The frozen disk is delicately elevated by a mobile tractor beam unit, maneuvered into a specimen box, and transported back to the mothership’s hold.
Again, the mothership barely escapes orbit. It falters for a second at the edge of Earth’s mesosphere – a term the aliens will find charming in its archaic roots – before slipping back into the dark of space.
The mothership nears its hungry planet.
The population wears pizza hats and sleeps in pizza shaped beds and eats from yellow and red triangular shaped dishes. A very enterprising alien, having hacked the archived Earth media files, has licensed ninety-two merchandise lines in advance of the mothership’s return.
A team of atomic engineers with culinary-gastro-molecular biology backgrounds analyze the pizza. They quickly unwind the chemical composition of each ingredient. Reverse aging the molecular bonds takes slightly longer. Synthesis teams struggle for an insufferable two weeks to perfect mozzarella.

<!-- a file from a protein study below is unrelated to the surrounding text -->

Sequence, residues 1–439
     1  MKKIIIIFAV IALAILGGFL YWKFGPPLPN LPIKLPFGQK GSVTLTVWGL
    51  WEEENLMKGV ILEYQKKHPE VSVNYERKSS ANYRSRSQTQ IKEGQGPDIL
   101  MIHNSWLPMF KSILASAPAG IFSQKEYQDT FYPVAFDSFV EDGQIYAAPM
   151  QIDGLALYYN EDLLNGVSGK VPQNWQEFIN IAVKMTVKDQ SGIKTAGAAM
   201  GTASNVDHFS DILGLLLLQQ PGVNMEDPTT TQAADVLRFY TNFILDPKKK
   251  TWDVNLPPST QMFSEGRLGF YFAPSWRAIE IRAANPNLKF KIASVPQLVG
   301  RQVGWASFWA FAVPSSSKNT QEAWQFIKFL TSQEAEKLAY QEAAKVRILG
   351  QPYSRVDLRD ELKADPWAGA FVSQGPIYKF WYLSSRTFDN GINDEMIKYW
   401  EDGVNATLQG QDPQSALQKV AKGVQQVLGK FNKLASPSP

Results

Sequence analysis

The Galactic Media Conglomerate provides continuous updates on Project Pizza Resurrection.
The rogue journalist releases an underground documentary of the trip. She is prosecuted by the Conglomerate, but a slew of grass-roots media campaigns and sit-ins force the Conglomerate to drop all charges.
Deep within the proto-kitchen facility, a timer dings.
A thousand molecular copying machines churn out millions of exact copies of the pizza.
In the greatest logistical undertaking in recorded history, each district of the planet receives a dozen pizzas, piping hot.
As one, the aliens raise their miniature slices and take a bite.
They find it terrible.
Trash cans are filled. The provided beverages are quickly depleted as the aliens chuckle at the absurdity of it all and go home.
They’ll never burn their mouth on oregano and tomato paste sauce, never laugh at that girl in the corner who blots the grease.
They’ll discard pizza as an extinct artifact of an ancient, dead civilization, and plan the next invasion.